African American Review

Founded in 1967, the African American Review is a quarterly journal published by St. Louis University, located in St. Louis, Mo. Its subject matter is literature and black publications. Its managing editor is Aileen Keenan.

Articles from Vol. 40, No. 2, Summer

A Black Gay Man's Reflections on Torture and Dictatorship
Not long ago, a black gay man asked me why I write about topics "different" than those that--according to him--other contemporary black gay male writers typically address. Provoked, in turn I asked him exactly what he meant. He responded that it seemed...
A Love Supreme: Jazzthetic Strategies in Toni Morrison's Beloved
Black Americans were sustained and healed and nurtured by the translation of their experience into art, above all in the music. That was functional.... My parallel is always the music, because all of the strategies of the art are there.... The power...
Baseball as History and Myth in August Wilson's: Fences
The game of baseball has long been regarded as a metaphor for the American dream--an expression of hope, democratic values, and the drive for individual success. According to John Thorn, baseball has become "the great repository of national ideals,...
Numerological Tradition in the Works of Jupiter Hammon
Introduction Jupiter Hammon, notable as the first African American poet ever published, has also had the unhappy distinction of being almost universally misunderstood. Critical prejudices and predilections, anachronistic comparisons with later writers,...
Que(e)rying the Prison-House of Black Male Desire: Homosociality in Ernest Gaines's "Three Men"
Interviewer: [Critics] say Miss Jane Pittman is the greatest Black female character since Dilsey. Gaines: (Laughter): Oh, yeah, Dilsey. Interviewer:. Dilsey is nowhere compared to Miss Jane. You are much better at your Black people than Faulkner....
Revising Critical Judgments of the Autobiography of an Ex-Colored Man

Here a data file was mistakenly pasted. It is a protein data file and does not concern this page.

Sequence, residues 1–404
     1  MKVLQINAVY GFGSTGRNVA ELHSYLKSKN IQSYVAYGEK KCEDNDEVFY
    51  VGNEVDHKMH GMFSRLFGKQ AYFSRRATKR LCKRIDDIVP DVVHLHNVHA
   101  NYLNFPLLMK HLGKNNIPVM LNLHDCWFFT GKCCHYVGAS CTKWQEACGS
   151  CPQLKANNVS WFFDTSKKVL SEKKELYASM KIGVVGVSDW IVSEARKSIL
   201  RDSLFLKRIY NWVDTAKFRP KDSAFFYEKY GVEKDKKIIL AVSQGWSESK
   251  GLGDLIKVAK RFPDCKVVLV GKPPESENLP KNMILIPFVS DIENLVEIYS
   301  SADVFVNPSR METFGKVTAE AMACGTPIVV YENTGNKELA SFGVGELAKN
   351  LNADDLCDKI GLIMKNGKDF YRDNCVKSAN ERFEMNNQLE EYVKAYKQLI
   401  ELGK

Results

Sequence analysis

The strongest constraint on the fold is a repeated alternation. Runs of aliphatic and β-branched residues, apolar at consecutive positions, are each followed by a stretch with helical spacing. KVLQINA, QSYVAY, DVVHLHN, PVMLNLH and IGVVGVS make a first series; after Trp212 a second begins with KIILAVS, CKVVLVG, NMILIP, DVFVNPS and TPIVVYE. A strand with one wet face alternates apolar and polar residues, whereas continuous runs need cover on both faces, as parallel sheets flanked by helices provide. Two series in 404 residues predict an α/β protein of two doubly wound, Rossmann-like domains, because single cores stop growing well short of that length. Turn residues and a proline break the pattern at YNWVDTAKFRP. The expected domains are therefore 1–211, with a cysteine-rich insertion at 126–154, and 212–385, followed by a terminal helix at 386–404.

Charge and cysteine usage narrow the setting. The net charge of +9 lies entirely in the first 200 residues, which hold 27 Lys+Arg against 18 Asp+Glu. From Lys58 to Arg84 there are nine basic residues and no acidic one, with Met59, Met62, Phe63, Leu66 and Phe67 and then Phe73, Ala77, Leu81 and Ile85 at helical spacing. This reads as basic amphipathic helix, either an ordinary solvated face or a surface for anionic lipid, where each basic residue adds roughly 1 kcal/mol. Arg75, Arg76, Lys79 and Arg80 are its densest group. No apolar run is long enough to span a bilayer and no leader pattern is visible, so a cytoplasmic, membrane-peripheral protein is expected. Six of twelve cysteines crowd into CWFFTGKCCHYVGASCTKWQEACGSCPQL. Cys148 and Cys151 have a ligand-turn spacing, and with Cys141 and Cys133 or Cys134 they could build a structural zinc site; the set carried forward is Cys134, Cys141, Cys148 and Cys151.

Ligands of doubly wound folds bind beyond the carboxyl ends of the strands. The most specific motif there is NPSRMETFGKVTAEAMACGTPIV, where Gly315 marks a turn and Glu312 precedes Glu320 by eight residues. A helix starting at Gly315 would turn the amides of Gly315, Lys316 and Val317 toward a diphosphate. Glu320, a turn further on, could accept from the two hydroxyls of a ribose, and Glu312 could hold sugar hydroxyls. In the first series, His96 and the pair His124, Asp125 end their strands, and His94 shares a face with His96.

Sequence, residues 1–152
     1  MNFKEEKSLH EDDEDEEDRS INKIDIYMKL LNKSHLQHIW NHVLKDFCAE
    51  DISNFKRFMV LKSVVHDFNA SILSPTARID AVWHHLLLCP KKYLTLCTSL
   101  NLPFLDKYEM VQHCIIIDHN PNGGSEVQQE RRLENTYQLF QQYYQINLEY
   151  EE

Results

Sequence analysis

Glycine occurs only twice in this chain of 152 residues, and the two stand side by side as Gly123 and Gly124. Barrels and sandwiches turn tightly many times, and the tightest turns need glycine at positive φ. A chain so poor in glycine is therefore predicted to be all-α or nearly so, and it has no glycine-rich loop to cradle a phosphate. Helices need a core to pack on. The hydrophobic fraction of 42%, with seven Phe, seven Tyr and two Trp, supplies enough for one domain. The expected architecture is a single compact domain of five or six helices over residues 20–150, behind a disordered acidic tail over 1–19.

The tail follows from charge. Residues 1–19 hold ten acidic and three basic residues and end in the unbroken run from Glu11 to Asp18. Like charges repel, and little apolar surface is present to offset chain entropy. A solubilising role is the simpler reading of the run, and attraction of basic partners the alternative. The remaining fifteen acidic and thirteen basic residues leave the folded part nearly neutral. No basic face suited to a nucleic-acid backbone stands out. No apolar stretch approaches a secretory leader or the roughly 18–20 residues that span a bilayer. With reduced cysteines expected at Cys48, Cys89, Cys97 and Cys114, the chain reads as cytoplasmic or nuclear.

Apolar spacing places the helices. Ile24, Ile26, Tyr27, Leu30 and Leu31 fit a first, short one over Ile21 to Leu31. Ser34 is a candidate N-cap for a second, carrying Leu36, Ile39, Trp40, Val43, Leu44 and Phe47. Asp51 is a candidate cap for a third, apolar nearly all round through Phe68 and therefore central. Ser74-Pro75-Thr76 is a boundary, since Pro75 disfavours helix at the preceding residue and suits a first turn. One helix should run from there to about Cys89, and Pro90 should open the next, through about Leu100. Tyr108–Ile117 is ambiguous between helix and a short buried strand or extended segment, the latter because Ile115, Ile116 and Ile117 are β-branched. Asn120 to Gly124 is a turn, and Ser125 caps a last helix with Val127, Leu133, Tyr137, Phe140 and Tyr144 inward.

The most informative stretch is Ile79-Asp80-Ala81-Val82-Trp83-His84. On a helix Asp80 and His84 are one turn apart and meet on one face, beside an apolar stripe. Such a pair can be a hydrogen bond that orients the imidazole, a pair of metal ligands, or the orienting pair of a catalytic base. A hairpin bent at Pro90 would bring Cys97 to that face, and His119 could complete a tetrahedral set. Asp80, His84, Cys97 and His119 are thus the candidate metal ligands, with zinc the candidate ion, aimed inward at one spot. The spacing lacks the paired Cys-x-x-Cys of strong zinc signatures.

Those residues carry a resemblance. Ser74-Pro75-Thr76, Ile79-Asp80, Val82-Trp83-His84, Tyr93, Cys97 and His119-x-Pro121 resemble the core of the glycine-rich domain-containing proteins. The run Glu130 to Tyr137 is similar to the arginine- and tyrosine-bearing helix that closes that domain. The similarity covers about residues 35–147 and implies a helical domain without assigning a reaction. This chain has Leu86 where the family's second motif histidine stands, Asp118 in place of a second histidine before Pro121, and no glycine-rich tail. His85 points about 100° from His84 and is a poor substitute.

The indeterminate status accorded James Weldon Johnson's The Autobiography of an Ex-Colored Man (1912) is, to a great extent, attributable to its standing as the first "fictional" text written by an African American that deliberately masks its genre....
Simon Wasn't There: The Sambo Strategy, Consumable Theater, and Rebecca Gilman's Spinning into Butter
When Spinning into Butter debuted at the Goodman Theatre in Chicago in 1999, Rebecca Gilman was transformed, in the words of Chris Jones, from a struggling writer into "one of America's most talked-about and sought-after playwrights" (26). The positive...
The Art of Tom Dent: Notes on Early Evidence
TOM DENT COLLECTIVE During the 2001 MLA Annual Convention (New Orleans) special session "In the Wind of History," which I organized, several writers, scholars, and friends had the opportunity to discuss the life and work of Tom Dent--poet, playwright,...
The Conspiracy of Masculinity in Ishmael Reed
Those who believe that major world events result from planning are laughed at for believing in the "conspiracy theory of history." Of course, no one in this modern day and age really believes in the conspiracy theory of history--except those who have...
The Need to Speak: Tom Dent and the Shaping of a Black Aesthetic
we speak to disturb you who think poetry, music should only be beautiful. --Tom Dent ... we are as radical as society demands the truth to be.--"Foreword." Umbra 1 (1963) Greenwich Village has always been an irresistible lure to the talented...
"The Strangest Freaks of Despotism": Queer Sexuality in Antebellum African American Slave Narratives
In a well-known passage from Zora Neale Hurston's Their Eyes Were Watching God the elderly ex-slave Nanny explains to Janie, her adolescent and newly sexually awakened granddaughter, the plight of African American women and families under slavery....
The Urban Gothic Vision of Colson Whitehead's the Intuitionist (1999)
But we do have in the Negro the embodiment of a past tragic enough to appease the spiritual hunger of even a James; and we have in the oppression of the Negro a shadow athwart our national life dense and heavy enough to satisfy even the gloomy broodings...
Tom Dent's Role in the Organizational Mentoring of African American Southern Writers: A Memoir
Thomas Covington Dent left a legacy larger than his published works. He left a legacy of caring, nurturing, passionate involvement in the grooming of writers and the organizations that support them. His work with the Umbra Workshop in the New York...